Elon Musk, CEO of SpaceX, wants his spaceship spaceship to orbit the earth within six months, he said during an evening presentation on September 28. The event seemed square to fans, with little new information and lots of SpaceX history.
"This is going to sound crazy, but I think we want to try and get a job in less than six months," said Musk. "Provided that the speed of design improvement and production improvement remains exponential, I think this will be correct within a few months."
During the presentation at SpaceX's test facility near Boca Chica, Texas, just north of the Mexican border, Musk also said he expected the Starship prototype behind him to do sky-high "hops" in a few months to a height of 65,000 feet. After that milestone, Musk indicated that the next flight goal would be to reach a job.
A representation of Starship shown at the presentation indicated that the ship will have a length of 50 meters (approximately 164 feet) and a diameter of nine meters (approximately 30 feet), and should eventually be able to lift a load capacity of 150 tonnes. The Starship is launched into space by a huge rocket called the Super Heavy. The Super Heavy also has a diameter of nine meters, with a length of 68 meters (223 feet).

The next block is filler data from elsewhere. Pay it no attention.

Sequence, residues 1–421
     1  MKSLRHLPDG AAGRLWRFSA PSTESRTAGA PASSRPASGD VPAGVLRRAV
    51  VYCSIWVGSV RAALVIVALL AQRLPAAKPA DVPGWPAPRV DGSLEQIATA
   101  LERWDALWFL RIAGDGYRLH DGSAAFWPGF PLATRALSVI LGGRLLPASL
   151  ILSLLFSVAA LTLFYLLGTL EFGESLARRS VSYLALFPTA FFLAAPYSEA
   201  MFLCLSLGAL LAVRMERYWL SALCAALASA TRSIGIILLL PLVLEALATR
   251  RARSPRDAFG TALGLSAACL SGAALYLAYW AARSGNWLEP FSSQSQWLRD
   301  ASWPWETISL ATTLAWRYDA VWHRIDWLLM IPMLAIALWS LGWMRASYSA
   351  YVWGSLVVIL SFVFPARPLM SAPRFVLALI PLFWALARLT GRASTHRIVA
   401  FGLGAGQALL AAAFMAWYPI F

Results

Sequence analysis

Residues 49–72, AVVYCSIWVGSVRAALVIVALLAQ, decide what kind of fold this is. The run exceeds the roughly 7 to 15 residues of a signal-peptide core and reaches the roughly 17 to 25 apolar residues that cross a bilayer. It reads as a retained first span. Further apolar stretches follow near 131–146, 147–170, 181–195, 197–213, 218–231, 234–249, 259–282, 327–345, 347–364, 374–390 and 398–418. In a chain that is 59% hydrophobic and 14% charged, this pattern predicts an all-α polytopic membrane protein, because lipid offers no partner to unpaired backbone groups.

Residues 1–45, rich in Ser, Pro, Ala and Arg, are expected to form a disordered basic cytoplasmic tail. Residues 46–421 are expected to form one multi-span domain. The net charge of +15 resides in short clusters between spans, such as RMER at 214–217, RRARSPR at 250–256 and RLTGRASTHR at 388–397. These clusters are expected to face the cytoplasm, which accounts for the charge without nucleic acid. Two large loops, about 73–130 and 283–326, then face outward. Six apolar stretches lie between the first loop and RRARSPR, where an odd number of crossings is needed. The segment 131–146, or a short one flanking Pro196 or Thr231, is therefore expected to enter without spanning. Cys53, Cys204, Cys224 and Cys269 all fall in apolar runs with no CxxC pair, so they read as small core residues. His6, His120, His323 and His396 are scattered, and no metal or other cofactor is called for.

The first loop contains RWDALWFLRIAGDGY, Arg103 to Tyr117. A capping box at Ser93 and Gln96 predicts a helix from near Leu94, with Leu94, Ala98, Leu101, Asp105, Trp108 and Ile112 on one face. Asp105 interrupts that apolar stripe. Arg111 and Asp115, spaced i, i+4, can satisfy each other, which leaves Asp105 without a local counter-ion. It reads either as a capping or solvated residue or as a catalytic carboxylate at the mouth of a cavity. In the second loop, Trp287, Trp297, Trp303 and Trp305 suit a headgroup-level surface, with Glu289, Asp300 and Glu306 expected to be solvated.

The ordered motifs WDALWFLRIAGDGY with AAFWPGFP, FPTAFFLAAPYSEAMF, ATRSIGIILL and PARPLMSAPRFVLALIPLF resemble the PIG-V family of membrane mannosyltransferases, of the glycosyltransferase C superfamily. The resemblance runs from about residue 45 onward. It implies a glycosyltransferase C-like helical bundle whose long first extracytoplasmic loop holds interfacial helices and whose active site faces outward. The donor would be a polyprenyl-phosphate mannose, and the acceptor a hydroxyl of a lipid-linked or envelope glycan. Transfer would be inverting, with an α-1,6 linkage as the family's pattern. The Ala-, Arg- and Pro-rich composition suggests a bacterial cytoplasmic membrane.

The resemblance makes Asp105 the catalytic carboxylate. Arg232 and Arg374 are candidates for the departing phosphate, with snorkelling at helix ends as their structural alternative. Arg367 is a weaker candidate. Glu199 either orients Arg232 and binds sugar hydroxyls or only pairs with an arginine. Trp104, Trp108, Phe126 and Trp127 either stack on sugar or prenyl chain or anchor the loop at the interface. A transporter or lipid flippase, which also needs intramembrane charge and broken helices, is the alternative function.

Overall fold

The Super Heavy can contain up to 37 raptor engines, according to Musk. But he added, "I'm not sure if we're going that high." Musk said the number of engines may vary depending on the mission, and indicated that the minimum number of engines for the booster could be around 24.
For the most part, Musk announced nothing new. He discussed Starship's already announced design decisions, including his decision earlier this year to change the material used to build Starship from carbon fiber to steel. He also showed clips from previous SpaceX performances, including the first Falcon Heavy launch in 2018 and the successful "hop" of his prototype Starhopper test vehicle in August.
A possible reason for the nostalgic emphasis was in addition to the shiny stainless steel prototype of the Starship – a much smaller SpaceX spacecraft, the Falcon 1. Eleven years later, the Falcon 1 became the first private liquid rocket to orbit on September 28, 2008.
"If that launch had not been successful, it would have been the end of SpaceX," said Musk. Instead, the company has now had 78 successful launches and wants to do much more.